> The attachment didn't make it past the mailing list processor.
It's ok, you got the point anyway.
On 10/02/2012 12:11 AM, Hans-Bernhard Bröker wrote:
> Yes, it is. Oh, and it's not the floor() function that's "drifting" here. To see
> what actually happens, I suggest you have a look at the output of
> set table
> plot [0:10] x - floor(x)
Very good suggestion indeed, thanks, this way things are obvious!
> And no, 'set samples 1000' didn't actually solve the problem. It just made it small
> enough so you no longer noticed it.
> The actual solution would have been more 'set samples 101'. To understand why.
Yes, odd vs. even number of samples, I got the point. But then it is not very clear
to me why the default number of samples is even, as the situation pointed out here
can occur rather frequently. Is there some particular reason ? I assume there is, as
you guys probably already ran into that issue, I'm just curious.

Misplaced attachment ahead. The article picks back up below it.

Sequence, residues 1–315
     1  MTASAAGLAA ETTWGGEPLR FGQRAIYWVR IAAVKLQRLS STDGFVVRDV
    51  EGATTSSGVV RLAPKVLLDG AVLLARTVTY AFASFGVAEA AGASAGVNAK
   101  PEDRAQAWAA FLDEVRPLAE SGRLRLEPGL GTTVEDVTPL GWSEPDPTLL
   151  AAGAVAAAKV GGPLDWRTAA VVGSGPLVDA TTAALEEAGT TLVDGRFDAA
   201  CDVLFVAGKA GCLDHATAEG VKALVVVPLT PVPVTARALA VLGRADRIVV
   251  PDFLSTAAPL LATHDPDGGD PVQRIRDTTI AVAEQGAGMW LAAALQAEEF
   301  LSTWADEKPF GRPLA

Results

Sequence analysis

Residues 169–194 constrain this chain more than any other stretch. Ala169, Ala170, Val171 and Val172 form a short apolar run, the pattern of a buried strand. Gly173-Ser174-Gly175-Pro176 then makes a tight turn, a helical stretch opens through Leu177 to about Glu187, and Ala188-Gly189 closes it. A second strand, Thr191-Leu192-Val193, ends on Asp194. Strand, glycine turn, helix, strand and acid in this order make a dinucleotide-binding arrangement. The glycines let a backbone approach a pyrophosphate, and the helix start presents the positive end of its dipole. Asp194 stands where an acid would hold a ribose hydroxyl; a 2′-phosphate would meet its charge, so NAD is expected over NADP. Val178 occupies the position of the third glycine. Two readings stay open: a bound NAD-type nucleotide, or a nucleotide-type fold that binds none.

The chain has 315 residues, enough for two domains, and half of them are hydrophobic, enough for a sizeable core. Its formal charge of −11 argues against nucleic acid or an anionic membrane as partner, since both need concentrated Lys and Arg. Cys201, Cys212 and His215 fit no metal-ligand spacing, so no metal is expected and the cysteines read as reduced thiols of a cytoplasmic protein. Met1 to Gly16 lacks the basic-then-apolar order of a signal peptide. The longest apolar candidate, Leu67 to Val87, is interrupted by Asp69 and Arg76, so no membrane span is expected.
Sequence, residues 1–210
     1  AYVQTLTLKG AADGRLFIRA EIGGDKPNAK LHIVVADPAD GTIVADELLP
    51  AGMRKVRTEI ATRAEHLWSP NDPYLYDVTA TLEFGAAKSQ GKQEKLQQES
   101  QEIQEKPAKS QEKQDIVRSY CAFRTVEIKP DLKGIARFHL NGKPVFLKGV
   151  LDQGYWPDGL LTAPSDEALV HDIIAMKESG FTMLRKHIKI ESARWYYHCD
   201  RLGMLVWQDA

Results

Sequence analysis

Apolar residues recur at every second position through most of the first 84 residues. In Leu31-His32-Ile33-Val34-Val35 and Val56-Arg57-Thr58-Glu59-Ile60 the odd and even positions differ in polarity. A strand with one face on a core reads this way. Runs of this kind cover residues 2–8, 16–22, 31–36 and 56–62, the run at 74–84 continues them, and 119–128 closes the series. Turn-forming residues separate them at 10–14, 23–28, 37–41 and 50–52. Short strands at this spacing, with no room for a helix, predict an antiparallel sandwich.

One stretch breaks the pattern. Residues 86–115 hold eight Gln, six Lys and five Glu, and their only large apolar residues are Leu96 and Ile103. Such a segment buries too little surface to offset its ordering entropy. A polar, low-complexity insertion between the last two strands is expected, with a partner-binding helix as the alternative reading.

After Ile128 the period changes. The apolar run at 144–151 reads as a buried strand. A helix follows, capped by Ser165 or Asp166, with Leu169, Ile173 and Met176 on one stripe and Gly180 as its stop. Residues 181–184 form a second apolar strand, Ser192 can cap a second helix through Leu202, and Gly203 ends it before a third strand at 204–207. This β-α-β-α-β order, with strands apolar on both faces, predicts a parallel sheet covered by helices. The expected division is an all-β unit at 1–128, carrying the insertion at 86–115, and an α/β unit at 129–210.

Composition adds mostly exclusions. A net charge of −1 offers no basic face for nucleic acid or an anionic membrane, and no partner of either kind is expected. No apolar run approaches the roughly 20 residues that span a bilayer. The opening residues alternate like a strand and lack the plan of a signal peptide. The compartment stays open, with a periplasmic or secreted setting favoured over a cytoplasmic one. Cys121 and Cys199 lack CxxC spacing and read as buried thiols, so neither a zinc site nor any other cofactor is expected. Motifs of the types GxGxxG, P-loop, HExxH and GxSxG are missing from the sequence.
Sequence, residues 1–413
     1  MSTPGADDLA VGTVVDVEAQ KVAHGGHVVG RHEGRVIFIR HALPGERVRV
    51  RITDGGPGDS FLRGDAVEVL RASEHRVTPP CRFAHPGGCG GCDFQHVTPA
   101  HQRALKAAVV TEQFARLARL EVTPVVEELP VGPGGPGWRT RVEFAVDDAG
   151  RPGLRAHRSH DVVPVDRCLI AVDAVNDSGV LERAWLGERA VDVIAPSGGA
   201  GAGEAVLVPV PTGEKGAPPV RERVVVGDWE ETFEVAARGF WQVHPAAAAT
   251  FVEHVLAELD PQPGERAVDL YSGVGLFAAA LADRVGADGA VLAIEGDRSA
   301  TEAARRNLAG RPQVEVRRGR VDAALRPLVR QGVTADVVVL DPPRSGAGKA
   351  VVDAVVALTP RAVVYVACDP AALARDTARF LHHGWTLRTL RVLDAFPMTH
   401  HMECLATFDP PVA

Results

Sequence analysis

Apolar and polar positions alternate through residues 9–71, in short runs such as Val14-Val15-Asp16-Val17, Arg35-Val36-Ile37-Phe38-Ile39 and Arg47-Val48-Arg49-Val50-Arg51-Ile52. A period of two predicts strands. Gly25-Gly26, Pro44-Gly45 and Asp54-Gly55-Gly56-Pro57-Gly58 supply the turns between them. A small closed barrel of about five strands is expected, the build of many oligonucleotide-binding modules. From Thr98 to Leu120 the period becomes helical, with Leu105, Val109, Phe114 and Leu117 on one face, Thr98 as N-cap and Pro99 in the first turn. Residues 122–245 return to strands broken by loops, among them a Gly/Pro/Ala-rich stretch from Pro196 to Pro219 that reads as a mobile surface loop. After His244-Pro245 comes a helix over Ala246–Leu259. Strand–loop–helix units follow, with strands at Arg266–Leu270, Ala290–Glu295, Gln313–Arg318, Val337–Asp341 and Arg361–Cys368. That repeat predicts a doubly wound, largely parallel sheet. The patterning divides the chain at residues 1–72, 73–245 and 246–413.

At first, if I need to compute some function values, I'd compute them at the
beginning and the end of the considered interval, and, say, one value in the middle.
If given more time, I'd compute two other values in the "middle of the middle" (1/4
and 3/4). And so on. So, the default instinctive number of samples would be odd. But
maybe there is a counterpart to this approach that I don't see ? Or is it really not
that important ?
>> I understand that the number of samples can be changed to set the plot
>> accuracy vs. computing time tradeoff, but I didn't expect that that
>> parameter could produce "wrong" results if incorrectly set.
> The thing to be learned here is that the result isn't actually wrong. It's just not
> what you expected.
Sure, this is why I quoted "wrong", I meant "apparently wrong". I'm confident enough
with Gnuplot to know that it is a very good piece of software when it comes to
Regards, and thanks again for your detailed answer.